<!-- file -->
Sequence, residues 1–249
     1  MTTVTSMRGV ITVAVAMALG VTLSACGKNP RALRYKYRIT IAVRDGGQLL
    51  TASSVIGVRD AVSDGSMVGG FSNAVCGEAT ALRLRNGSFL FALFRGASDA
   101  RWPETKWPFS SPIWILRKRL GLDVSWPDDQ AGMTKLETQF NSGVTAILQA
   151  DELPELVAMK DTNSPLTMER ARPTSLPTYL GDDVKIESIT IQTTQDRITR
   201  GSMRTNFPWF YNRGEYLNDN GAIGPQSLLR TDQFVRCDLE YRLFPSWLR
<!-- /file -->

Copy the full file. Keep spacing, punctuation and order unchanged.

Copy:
Sequence, residues 1–249
     1  MTTVTSMRGV ITVAVAMALG VTLSACGKNP RALRYKYRIT IAVRDGGQLL
    51  TASSVIGVRD AVSDGSMVGG FSNAVCGEAT ALRLRNGSFL FALFRGASDA
   101  RWPETKWPFS SPIWILRKRL GLDVSWPDDQ AGMTKLETQF NSGVTAILQA
   151  DELPELVAMK DTNSPLTMER ARPTSLPTYL GDDVKIESIT IQTTQDRITR
   201  GSMRTNFPWF YNRGEYLNDN GAIGPQSLLR TDQFVRCDLE YRLFPSWLR